In Sanskrit Nava means nine and Rasa has many translations in English, and the main ones are: essence, juice, nectar, taste, or sap, but Rasa is commonly used to denote the sense of an “emotional state.” The nine Rasas were (and are) the backbone of Indian aesthetics ever since they were codified in the Natyasastra (written sometime between 200 BC-300 AD) and they formed the foundation from which the traditions of dance, music, theatre, art and literature evolved. Performances and artwork were created solely with the aim of evoking the Rasas in the audience.
Rasa is in everything, or better yet, everything “has” Rasa. Though some things have a higher vibrational essence, others are lower and some even appear as dead, Rasa remains the invisible substance that gives life its meaning.
The 9 Rasas as described in ancient Indian aesthetic philosophy can be seen as being indicative of prime human emotions. Each Rasa is a repository of energy drawn from our Prana (life force). By unlocking this powerful energy and then mastering it, we can effectively achieve emotional balance, and also use this energy to realize our true potential.
In both Yoga and Tantra the 9 Rasas are seen as the essence of all of our emotions.
They are listed here Sanskrit (with English translation), briefly describing each one’s properties…
1. Sringara (Love) – This is the ultimate Rasa; the crown emotion that heals anything. This Rasa frees the ego and connects us to devotional love. When we appreciate beauty it connects us to the source of love. It’s the creative play between Shiva and Shakti, sun and moon, yin and yang. The purpose of the universe is to experience this divine love. This love is inherent in everything. It is within each and every one of us and radiates throughout the cosmos.
2. Hasya (Joy) – This Rasa connects us to our sense of humor through laughter, happiness and contentment. When we laugh, it is the easier to slip into a no-mind state, because the mind has been freed from its usual workload of thoughts, and we can simply be open, free and happy in that moment.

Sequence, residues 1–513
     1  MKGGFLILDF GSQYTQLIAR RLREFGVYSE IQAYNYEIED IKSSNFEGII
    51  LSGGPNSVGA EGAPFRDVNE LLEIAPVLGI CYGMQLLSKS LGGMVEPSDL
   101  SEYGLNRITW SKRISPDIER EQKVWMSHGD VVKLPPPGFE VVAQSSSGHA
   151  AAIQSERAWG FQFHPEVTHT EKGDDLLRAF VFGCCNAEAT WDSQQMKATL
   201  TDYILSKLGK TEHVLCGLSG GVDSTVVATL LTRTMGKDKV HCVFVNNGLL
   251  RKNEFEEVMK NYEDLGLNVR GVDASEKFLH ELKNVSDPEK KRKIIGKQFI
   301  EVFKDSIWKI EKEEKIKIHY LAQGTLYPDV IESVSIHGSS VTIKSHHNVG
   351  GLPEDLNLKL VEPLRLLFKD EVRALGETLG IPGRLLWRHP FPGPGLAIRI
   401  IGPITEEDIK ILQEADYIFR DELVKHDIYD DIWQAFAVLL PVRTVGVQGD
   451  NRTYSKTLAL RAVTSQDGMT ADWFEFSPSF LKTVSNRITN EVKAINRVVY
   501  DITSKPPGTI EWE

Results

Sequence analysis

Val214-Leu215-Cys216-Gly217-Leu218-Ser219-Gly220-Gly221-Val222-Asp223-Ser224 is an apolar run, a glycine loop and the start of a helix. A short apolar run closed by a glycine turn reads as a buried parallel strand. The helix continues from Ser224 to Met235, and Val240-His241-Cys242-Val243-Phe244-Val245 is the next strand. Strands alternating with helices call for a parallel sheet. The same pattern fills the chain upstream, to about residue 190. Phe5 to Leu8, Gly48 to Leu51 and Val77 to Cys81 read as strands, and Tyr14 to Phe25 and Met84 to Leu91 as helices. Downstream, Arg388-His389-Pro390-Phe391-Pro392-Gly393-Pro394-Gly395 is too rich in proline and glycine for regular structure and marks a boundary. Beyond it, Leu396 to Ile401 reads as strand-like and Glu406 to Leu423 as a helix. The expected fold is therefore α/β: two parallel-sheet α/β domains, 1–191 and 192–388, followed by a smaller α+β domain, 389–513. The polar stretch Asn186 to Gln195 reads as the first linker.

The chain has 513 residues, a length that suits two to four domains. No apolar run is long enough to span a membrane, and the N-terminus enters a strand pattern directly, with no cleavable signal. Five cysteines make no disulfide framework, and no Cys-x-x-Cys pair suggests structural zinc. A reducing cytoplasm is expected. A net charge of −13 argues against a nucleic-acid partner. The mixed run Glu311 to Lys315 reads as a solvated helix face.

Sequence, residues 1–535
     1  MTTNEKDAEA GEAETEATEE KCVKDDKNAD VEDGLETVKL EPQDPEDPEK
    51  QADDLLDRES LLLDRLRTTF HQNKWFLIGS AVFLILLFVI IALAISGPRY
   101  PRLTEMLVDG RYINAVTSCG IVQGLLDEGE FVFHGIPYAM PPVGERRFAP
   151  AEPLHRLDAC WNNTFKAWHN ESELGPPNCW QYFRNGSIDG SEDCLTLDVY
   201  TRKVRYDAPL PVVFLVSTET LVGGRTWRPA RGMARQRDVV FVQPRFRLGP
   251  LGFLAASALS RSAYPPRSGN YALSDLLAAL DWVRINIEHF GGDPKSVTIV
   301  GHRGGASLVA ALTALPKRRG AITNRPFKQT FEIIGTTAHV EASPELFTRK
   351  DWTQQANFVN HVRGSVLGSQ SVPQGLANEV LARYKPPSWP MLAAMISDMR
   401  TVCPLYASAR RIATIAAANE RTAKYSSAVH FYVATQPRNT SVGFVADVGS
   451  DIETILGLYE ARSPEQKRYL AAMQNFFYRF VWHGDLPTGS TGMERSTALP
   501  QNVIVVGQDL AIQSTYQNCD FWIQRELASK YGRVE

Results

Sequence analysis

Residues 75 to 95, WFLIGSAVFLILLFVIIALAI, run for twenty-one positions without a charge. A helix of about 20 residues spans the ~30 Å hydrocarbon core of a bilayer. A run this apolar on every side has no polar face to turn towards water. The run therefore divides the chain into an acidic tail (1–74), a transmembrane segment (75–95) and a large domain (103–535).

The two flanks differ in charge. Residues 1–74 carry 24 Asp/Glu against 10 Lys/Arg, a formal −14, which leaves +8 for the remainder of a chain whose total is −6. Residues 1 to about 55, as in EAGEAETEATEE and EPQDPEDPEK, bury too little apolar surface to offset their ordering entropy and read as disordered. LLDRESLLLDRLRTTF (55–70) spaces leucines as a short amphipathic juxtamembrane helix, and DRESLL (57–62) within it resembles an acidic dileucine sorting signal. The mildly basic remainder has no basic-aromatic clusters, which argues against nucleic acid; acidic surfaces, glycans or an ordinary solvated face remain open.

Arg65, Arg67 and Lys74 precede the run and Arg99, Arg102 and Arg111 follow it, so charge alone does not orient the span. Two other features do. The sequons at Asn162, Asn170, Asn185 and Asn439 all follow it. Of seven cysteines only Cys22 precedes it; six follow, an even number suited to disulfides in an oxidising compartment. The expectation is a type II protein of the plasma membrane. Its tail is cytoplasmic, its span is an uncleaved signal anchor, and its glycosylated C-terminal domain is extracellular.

3. Adhuta (Wonder) – The curiosity, mystery and awe which occur when we become fascinated with the very idea of life. This Rasa is our playfulness and innocence. We enter into complete appreciation and become an explorer or adventurer. It seems like magic!
4. Vira (Courage) – Also bravery, confidence, determination, self-assurance and valor. Vira asserts itself when you call upon the warrior that lives inside you. It is strong and vibrant.
5. Shanta (Peace) – This Rasa is reflected in deep calmness and relaxation. When we become still, quiet and at peace, we are so full that we are empty of all else but peace. We can only find peace within.
6. Karuna (Compassion) – When we can experience another’s sadness and reflect it back to the cosmos, we then experience compassion. Compassion is what connects us all. Through compassion we can relate deeply and honestly with each other, it is the bridge between us and others and helps us understand and empathize with them.
7. Raudra (Anger) – When angry we go into the fire. One moment of anger can destroy a lifetime of good merit, so have respect for anger. When anger isn’t honored it can bring up irritation, violence and hatred. Allow yourself to feel the anger, without taking any action; letting it move through you rather than getting stuck.
8. Bhayanaka (Fear) – Also doubt, worry, insecurity etc. When we live our lives in fear, we shut down completely. Overcome Bhayanaka with inner strength, love and truth.
9. Vibhasta (Disgust) – Self pity, loathing, self hatred. This Rasa characterizes the judgmental mind; only by cultivating loving-kindness can we heal and appease Vibhasta.